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Security Contractors, not heroes nor mercenaries


Security contractors, or private military contractors, undergo a double stereotype. If someone glorify the heroic, valiant soldiers, others call them “mercenary” with disdain.

The history of this profession is relatively recent and has, at the very least, questionable roots. In 1989, in South Africa and Namibia, the apartheid is about to collapse and the army of these two countries will be reorganized soon. Among the new unemployed soldiers there is Eeben Barlow, former colonel of the Civil Cooperation Bureau, a unit (basically a death squad) responsible for the murder of many political opponents.

Executive Outcomes, the private security company founded by the former Southafrican apartheid colonel Eeben Barlow

Barlow decides to put his strategic know-how at the service of privates, foreseeing the business potential: war zones are always a lot and, after the Cold War, less and less ideological. He founds the Executive Outcomes, and in 1993 he gets the first commission, in Angola. An oil company wants to protect its interest in the port city of Soyo.

Fame arrives a few years later, when the Executive Outcomes is able to stop the Revolutionary United Front, which was besieging Freetown, capital of Sierra Leone. Barlow’s company won’t have a long-living future ahead, though. In 1998 Mandela’s government approves a law that forbids mercenary operations.

The question is if those private companies are comparable to mercenaries and therefore against UN directives, expressed by the Convention of December the 4th 1989. There are many similarities between the two activities, but also a difference. A contractor is hired by a private company (oil, construction, engineering companies, for example), not by a national army.

Despite this distinction, only few countries like the United States, the United Kingdom, Israel and South Africa, followed by France, Russia and China, allow private security agencies. None of these countries ratified the UN convention, but international laws have a gray zone, even after the Montreux Document regarding private military and security companies in war zones. So, a private security company can’t be registered in most countries, but private people from all over the world can work for them.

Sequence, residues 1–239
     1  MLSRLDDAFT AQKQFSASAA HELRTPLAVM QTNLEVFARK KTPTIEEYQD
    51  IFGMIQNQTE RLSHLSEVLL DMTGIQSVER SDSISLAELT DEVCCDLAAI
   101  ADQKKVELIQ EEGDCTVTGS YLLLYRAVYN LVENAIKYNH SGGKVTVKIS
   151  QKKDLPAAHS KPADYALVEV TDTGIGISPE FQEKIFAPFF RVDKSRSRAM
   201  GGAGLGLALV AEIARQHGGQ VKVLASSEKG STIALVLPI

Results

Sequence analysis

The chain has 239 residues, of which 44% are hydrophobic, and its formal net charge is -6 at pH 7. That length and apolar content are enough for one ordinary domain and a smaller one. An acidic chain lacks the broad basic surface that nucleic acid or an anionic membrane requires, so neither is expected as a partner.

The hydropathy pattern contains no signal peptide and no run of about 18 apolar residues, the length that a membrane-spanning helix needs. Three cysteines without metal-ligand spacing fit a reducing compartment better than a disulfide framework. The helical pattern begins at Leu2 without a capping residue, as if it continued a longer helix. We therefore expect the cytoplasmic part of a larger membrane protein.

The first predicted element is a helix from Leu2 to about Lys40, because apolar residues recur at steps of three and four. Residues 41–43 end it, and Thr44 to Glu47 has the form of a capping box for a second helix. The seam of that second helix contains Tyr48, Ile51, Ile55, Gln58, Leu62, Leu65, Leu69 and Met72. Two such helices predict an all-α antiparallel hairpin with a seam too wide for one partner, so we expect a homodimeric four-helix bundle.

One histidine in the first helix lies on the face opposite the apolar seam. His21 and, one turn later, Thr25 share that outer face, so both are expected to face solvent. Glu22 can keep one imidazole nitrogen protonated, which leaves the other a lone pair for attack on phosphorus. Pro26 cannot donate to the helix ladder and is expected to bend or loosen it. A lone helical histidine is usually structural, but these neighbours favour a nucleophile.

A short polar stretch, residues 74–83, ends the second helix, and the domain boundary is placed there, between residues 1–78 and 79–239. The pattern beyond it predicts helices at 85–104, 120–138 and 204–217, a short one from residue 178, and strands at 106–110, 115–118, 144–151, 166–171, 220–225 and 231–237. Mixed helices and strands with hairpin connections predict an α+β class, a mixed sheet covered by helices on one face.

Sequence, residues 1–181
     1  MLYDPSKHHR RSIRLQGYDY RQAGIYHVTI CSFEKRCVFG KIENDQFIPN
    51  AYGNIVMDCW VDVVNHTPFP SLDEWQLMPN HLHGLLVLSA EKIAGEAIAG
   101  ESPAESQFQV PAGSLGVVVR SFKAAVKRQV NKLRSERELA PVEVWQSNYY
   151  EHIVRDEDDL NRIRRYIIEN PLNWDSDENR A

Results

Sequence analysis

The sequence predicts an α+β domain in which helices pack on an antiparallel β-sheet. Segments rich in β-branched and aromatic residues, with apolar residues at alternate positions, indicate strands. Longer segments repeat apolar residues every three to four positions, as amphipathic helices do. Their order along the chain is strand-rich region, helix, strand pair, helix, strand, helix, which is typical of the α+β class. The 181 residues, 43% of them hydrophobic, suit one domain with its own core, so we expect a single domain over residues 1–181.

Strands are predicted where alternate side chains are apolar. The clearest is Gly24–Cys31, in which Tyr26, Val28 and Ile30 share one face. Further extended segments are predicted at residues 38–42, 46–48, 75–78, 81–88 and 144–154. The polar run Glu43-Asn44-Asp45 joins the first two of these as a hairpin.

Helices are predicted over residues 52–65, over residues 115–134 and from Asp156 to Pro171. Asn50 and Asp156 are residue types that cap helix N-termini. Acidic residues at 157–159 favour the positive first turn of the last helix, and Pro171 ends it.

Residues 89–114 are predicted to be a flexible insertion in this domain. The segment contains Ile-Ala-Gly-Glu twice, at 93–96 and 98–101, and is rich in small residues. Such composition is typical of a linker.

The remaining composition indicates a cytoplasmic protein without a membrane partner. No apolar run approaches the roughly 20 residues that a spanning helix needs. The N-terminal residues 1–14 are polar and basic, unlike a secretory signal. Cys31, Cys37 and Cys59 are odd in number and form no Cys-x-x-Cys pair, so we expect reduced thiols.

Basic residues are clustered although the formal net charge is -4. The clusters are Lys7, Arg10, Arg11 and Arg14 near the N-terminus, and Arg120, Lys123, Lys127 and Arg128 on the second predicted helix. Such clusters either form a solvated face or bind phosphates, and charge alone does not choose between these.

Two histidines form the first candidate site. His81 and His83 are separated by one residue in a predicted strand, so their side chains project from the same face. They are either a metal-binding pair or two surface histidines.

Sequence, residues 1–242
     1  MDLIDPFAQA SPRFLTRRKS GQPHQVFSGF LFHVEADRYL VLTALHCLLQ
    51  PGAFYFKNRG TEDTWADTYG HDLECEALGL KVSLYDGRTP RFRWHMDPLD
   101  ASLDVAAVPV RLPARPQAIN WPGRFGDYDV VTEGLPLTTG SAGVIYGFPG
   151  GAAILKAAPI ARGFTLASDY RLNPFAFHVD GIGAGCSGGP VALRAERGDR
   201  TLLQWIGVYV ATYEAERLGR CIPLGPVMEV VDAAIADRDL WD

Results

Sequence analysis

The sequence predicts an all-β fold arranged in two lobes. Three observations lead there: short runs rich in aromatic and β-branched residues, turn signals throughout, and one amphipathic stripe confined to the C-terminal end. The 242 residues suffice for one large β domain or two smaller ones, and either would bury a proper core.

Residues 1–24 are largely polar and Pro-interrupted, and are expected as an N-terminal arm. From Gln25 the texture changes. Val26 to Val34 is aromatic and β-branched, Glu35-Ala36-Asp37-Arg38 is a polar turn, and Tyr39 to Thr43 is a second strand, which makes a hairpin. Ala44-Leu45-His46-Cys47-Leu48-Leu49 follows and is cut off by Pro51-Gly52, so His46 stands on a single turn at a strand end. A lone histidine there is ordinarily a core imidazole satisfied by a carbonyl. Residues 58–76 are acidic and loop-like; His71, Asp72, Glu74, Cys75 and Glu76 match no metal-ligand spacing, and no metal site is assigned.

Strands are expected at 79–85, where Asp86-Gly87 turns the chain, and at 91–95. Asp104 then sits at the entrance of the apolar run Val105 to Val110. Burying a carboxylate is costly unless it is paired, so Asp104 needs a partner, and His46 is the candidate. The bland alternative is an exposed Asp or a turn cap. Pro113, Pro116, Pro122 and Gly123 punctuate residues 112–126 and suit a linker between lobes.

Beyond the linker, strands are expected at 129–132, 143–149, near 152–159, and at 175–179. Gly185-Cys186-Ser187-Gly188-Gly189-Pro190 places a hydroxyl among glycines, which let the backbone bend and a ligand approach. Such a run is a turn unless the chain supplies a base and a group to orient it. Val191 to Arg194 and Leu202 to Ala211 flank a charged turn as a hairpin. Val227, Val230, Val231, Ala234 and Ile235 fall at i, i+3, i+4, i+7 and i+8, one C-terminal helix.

Fabrizio Quattrocchi, the Italian contractor killed in Iraq in 2004

In Italy, the debate started only in 2004, after the execution of Fabrizio Quattrocchi in Iraq. As his last words were “I’ll show you how an Italian dies”, there had been a strong ideological division in the public opinion, between those who exalted the (rhetoric) patriotic heroism of Quattrocchi and those who showed no mercy for a mercenary. That can be a perfect example of the polarization of the discussion.

Sure the business is very profitable, especially after the invasion of Afghanistan and Iraq by the U.S. Military, with contracts of at least 20 thousand dollars a month. But of course contractors face high risks. In the worst period in Iraq, between 2003 and 2007, it is estimated that almost a thousand private security contractors died, plus we have to add all the local victims who provided support and logistic.

Another argument against this job is the vicious cycle created. The United States and the supporting coalition invade and destroy a country, hiding behind the noble purpose of eliminating dictators (Saddam Hussein) and oppressive or terrorist organizations (the Talibans). Then they take care of reconstruction of infrastructures, phone lines, pipelines… Many private companies got richer thanks to Middle Eastern instability – like Halliburton, where, accidentally, Dick Cheney was the CEO before becoming vice president in Bush Jr.’s administration.

Working as a security contractor is totally legitimate, but makes winkle the nose of many people who think that making a lot of money by exploiting bloody conflicts is not the best option. At least we can agree that is not genuinely heroic.

Donald Rumsfeld, George W. Bush, Dick Cheney

There had been also cases that worsened the reputation of security contractors, like causing innocent, civilian victims. But, honestly, this depends on how a single person practices the profession, not on the profession itself, which includes only defensive tasks.

There is also a bright side, though. Hiding a private company doesn’t weight on public expenditure, relieving contributors from tax increases. So, some countries are debating whether opening to this kind of agencies or not, in order to create employment and profit, even for the public finances (through the taxes that the companies would pay). Supporters of this phenomenon claim that wars already existed, since ever, and private military services can only protect civilians (or at least they should).

At the same time, we can’t exclude arguments about war management and political-economical interference that, systematically, go on from centuries. Even if it starts with the best intentions, a profession like this risks to perpetuate those distortions.


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